The Fermilab experiment reuses the main component from the Brookhaven experiment, a 50-foot-diameter superconducting magnetic storage ring. In 2013, it was transported 3,200 miles by land and sea from Long Island to the Chicago suburbs, where scientists could take advantage of Fermilab’s particle accelerator and produce the most intense beam of muons in the United States. Over the next four years, researchers assembled the experiment, tuned and calibrated an incredibly uniform magnetic field, developed new techniques, instrumentation and simulations, and thoroughly tested the entire system.
“The absolute strength of the magnetic field must be determined to connect the muon’s wobble frequency to the theory prediction, a unique challenge in a particle physics experiment,” Chupp said. “We are part of the team of experts in atomic physics and precision measurements that developed new approaches to accomplish this.”
The combined results from Fermilab and Brookhaven show a difference with theory at a significance of 4.2 sigma, a stronger signal than provided by the Brookhaven result, but a little shy of the 5 sigma (or standard deviations) that scientists favor to claim a discovery but still compelling evidence of new physics. The chance that the results are a statistical fluctuation is about 1 in 40,000.
As a U-M graduate student, Alec Tewsley-Booth developed new analysis methods that allowed the researchers to measure not just the size of the magnetic field, but also the shape and how it changes over time.
“There’s been a lot of tension in the field caused by the previous results. They were just so tantalizing that many theorists began working on extensions to the Standard Model to explain the discrepancy. However, when you get results disagreeing with the theory, there are always lingering questions about whether the difference might be caused by a mistake in the experiment,” said Tewsley-Booth, now a U-M postdoctoral researcher.
“Before these results, it was unknown whether our results would push back in favor of the old theory or new physics. Our Run-1 results go a long way toward indicating new physics and validating the previous experiment.”
U-M graduate student Eva Krägeloh compared different representations of the magnetic field data in order to help understand the accuracy and determine the uncertainties of the scientists’ measurements. A crucial cross check of the magnetic field measurements used a new instrument called the helium-3 magnetometer developed by Chupp and graduate student Midhat Farooq.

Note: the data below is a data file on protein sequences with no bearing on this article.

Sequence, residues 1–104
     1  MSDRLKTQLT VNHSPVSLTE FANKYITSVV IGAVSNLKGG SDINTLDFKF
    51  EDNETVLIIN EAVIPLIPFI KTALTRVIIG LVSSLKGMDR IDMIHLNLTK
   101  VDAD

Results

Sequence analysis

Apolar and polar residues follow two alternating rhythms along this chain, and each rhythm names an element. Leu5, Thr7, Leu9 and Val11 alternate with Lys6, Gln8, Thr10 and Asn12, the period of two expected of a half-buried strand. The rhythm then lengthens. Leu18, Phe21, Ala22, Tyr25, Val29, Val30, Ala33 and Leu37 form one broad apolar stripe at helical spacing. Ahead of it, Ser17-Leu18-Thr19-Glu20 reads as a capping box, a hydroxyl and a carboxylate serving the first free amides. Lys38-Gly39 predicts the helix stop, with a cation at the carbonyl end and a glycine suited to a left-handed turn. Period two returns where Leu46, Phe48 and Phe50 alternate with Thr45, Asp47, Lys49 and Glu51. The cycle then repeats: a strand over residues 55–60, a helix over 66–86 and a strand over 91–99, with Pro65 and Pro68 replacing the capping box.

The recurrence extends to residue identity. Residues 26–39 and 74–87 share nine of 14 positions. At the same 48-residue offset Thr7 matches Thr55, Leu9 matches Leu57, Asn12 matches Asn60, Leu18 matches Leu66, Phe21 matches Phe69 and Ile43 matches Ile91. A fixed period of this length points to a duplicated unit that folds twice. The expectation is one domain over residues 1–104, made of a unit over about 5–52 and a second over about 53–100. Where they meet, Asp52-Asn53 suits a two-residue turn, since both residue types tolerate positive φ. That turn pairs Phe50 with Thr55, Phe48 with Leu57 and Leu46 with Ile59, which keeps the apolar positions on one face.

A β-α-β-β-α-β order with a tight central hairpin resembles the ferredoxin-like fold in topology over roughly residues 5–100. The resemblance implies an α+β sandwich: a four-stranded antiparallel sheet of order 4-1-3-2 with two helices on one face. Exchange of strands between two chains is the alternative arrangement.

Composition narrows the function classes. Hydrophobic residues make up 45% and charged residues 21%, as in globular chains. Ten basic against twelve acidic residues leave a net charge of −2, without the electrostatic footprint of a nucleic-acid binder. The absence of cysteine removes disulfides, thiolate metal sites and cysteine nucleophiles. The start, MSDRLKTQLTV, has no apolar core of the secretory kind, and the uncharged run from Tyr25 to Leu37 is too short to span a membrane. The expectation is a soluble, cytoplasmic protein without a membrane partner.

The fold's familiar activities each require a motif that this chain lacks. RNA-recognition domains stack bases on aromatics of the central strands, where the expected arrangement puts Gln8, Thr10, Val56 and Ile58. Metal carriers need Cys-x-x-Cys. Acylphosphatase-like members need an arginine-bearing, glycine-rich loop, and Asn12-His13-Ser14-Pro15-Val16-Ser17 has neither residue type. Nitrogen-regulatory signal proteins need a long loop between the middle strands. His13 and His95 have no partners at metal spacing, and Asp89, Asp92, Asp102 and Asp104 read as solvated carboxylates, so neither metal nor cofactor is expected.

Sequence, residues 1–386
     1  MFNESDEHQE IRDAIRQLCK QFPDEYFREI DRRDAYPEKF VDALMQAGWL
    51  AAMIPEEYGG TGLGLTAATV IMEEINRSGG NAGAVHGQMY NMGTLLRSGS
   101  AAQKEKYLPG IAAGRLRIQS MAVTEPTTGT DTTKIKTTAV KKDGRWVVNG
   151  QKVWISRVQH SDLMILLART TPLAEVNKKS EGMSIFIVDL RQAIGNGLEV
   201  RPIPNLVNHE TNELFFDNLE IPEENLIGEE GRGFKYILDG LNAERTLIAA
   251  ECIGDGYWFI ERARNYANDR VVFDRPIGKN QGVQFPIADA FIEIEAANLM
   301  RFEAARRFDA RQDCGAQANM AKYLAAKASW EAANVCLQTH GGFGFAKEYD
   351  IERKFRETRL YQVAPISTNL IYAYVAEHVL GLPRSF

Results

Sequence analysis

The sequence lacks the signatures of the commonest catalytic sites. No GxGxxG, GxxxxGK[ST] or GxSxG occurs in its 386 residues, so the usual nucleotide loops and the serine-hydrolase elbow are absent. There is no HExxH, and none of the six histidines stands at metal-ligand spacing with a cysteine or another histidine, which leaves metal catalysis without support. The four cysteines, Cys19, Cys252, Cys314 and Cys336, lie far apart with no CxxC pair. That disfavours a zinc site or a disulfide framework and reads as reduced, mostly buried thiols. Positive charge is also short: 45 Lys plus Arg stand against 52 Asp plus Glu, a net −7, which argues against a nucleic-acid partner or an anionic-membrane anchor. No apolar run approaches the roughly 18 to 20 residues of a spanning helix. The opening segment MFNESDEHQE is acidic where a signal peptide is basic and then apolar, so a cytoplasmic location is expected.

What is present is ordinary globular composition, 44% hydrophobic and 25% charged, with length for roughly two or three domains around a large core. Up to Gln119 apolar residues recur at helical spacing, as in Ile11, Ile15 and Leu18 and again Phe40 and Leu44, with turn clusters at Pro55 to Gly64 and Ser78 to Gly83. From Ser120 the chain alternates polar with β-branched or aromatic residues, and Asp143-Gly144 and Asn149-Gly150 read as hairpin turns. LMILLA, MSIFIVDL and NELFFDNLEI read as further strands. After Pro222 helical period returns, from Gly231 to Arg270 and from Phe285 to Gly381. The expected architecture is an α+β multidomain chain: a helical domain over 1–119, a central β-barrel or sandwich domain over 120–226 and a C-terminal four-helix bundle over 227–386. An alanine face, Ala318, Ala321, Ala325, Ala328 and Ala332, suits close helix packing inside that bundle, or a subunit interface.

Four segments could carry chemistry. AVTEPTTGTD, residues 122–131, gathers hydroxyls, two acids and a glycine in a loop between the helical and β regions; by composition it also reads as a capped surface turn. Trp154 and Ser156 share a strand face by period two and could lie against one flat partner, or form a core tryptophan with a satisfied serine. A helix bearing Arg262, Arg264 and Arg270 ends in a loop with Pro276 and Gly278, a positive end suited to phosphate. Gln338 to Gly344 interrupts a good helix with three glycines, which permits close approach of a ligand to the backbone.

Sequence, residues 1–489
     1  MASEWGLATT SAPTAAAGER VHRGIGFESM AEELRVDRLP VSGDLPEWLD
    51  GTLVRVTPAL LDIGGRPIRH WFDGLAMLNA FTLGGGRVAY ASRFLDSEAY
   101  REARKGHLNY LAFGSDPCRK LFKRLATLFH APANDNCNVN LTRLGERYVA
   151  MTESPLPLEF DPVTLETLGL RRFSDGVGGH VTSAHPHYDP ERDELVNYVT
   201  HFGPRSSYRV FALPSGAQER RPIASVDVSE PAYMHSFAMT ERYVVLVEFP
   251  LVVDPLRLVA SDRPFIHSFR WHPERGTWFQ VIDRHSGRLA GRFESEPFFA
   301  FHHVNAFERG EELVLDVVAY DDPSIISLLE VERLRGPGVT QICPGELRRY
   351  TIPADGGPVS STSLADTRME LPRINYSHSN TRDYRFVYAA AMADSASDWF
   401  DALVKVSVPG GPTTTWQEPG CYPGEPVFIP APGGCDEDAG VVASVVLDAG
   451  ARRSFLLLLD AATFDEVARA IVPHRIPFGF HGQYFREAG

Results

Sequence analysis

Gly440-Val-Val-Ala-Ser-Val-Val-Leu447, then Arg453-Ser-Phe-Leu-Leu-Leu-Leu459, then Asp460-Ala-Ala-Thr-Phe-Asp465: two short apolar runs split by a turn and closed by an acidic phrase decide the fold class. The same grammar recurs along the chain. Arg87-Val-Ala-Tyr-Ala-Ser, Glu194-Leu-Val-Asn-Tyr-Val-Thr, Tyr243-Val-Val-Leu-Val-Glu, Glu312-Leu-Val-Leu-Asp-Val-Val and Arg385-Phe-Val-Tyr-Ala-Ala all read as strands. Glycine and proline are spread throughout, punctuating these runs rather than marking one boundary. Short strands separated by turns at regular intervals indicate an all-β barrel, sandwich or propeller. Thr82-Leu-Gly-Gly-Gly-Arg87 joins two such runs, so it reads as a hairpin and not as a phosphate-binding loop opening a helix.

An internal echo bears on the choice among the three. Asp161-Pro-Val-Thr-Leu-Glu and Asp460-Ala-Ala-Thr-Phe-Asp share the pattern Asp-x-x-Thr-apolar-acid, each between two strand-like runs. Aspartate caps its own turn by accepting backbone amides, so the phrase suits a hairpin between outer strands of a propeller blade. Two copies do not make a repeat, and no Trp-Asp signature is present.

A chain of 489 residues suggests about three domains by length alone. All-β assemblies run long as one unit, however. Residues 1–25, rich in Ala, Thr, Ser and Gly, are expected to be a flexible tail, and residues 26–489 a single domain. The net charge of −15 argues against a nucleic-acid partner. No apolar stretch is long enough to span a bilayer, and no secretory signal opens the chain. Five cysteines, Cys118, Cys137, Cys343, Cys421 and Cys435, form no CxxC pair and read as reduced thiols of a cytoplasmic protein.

“There are hundreds of devices used to measure the magnetic field, but they are all referenced to one device that was calibrated to Midhat’s magnetometer with amazing precision,” Chupp said.
In its first year of operation, 2018, the Fermilab experiment collected more data than all prior muon g-factor experiments combined. With more than 200 scientists from 35 institutions in seven countries, the Muon g-2 collaboration has now finished analyzing the motion of more than 8 billion muons from that first run.
So far, the researchers have analyzed less than 6% of the data the experiment will eventually collect. Data analysis on the second and third runs of the experiment, led in part by Tewsley-Booth and Chupp, is underway; the fourth run is ongoing; and a fifth run is planned. Combining the results from all five runs will give scientists a four-times more precise measurement of the muon’s g-factor, probing with greater certainty whether new physics is hiding within the quantum foam.
“Particle physicists are again going to turn their attention to what this new physics could be. For physics, this finding is quite profound because it gives us a much better idea of a specific signal to examine,” Chupp said. “It’s beautiful physics, it challenges us experimentally, and it probes the deepest questions of particle physics.”
The U-M group’s Muon g-2 research is funded by the National Science Foundation.